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A heroin substitute that is made in Britain and mainland Europe and used in harm reduction programmes has resulted in an epidemic of addiction elsewhere, with the former Soviet state of Georgia hardest hit.
Georgians, who have traditionally shunned heroin, are becoming hooked on what is seen as a “clean” alternative. They buy up pills of the synthetic opiate buprenorphine that have been prescribed to registered users in other European countries and smuggled over the Georgian border.
It now poses by far the country's biggest drug problem, says Zaza Berozashvili, a legal expert on the matter in Georgia.
At the end of March he addressed the Tbilisi international conference on countering terrorism and drug trafficking, which largely focused on the movement of drugs from Afghanistan through the region to the West.
With buprenorphine, though, the problem is moving in the opposite direction. Mr Berozashvili said that Georgia had at least 200000 drug addicts in the country of just over four million, an estimated 70% of whom were using buprenorphine.
“The problem is increasing all the time,” he said. “We know the exact route: from which countries it is being smuggled, to where. We know that it goes through Ancona in Italy and Igomeniza in Greece.
“It is made in Germany, France, Belgium, England; it is coming from central Europe, where it is legal, used for treatment of injecting drug users. It is creating the kind of problems here which it is being used to solve in those countries.”
The pills, which are sold on the streets of Tbilisi for around $120 (£60; €90) each, come from a variety of sources, including people on substitution programmes who sell their drugs to smugglers, some corrupt doctors who sell prescriptions, and a small number of thefts.
The drug, which looks like paracetamol, is often hidden in cars coming from Italian and Greek staging posts and then driven through Turkey and over the border into Georgia. Sniffer dogs cannot detect it, and Georgian border controls rarely have the equipment to find or identify it.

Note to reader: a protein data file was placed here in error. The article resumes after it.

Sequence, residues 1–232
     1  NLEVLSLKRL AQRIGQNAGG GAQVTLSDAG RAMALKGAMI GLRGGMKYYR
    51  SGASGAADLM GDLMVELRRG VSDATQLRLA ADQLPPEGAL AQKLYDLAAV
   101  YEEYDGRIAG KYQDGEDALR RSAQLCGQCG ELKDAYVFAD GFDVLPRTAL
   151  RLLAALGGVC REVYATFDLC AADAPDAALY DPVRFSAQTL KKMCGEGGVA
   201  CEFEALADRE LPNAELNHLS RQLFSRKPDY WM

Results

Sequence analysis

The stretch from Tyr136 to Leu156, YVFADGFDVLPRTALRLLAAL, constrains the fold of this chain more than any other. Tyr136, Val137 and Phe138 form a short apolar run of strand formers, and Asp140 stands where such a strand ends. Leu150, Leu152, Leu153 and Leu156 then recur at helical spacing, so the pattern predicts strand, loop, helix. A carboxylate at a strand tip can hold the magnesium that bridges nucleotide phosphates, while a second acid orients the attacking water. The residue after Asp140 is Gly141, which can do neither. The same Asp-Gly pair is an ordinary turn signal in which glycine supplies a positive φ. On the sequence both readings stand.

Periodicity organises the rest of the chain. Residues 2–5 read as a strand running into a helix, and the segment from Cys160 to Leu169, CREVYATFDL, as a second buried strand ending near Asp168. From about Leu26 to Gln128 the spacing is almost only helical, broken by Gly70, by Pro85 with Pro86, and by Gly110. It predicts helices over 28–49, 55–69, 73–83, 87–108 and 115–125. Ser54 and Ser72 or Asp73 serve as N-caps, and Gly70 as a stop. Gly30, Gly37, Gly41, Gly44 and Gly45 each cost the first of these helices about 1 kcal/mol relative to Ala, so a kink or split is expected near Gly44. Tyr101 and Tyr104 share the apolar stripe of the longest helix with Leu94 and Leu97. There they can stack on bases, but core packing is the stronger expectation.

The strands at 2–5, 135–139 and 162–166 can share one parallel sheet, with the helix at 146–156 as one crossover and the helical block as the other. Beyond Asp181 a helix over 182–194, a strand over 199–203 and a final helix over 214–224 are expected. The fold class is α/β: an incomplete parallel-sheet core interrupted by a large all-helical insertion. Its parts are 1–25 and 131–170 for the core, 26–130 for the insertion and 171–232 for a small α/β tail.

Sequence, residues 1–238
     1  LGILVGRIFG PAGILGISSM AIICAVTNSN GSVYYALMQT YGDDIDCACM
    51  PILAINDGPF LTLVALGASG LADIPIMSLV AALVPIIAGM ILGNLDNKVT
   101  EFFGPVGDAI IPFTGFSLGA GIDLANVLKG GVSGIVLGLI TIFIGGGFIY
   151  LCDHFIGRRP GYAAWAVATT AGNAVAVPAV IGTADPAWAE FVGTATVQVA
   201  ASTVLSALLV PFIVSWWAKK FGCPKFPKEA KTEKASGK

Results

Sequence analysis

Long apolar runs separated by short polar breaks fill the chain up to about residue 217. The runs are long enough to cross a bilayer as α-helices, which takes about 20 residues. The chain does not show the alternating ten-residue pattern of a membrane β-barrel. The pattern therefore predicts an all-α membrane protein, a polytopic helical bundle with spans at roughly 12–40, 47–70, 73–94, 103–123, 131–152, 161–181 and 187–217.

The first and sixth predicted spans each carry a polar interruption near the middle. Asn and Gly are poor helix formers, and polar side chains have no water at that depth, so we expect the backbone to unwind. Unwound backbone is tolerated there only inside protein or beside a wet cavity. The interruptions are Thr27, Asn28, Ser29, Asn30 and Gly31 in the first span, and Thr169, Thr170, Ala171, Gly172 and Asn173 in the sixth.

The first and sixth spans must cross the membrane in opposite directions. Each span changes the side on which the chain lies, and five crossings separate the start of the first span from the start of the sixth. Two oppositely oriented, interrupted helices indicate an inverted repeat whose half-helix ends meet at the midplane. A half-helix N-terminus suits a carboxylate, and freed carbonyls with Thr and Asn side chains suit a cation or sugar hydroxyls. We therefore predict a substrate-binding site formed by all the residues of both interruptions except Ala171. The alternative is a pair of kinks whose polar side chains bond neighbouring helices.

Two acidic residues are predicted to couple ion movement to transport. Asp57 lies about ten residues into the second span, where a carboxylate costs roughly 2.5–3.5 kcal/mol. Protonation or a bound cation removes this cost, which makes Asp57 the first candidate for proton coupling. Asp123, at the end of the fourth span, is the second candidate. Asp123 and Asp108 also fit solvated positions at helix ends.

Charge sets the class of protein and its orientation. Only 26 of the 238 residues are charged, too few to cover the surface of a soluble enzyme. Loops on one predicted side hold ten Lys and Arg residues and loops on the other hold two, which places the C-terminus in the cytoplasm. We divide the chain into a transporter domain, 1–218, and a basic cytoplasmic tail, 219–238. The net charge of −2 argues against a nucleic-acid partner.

The United Nations' International Narcotics Control Board said in its annual report of 2006 that in some countries, such as France, up to 25% of buprenorphine is diverted from legal use into the black market, bringing huge profits for the smugglers. Other countries identified as having a problem with the drug include Finland, the Czech Republic, and Pakistan, but none of them are as badly affected as Georgia.
Once in Tbilisi each pill is divided into four or even six parts, making a dose—which addicts say lasts all day—cheaper than heroin.
In a culture where strong familial control similar to that in southern Italy has loaded shame on those dealing in heroin, there is a certain cachet in taking a Western drug that is seen as safer, cleaner, and more modern.
But it is at least as addictive as heroin, and strong psychological dependence initially masks the physical risks and the accompanying social and eventually wider economic consequences.
Unlike in the West, where the pills are taken orally, the Georgians dissolve them in water and inject them intravenously, and it is feared that the already mounting but poorly documented death toll from buprenorphine overdose will at some point be overtaken by an HIV problem.
Some of those observing the problem in Georgia want the government to legalise buprenorphine there, while others call for stricter prescribing practices throughout Europe, so that harm reduction policies do not cause chaos elsewhere.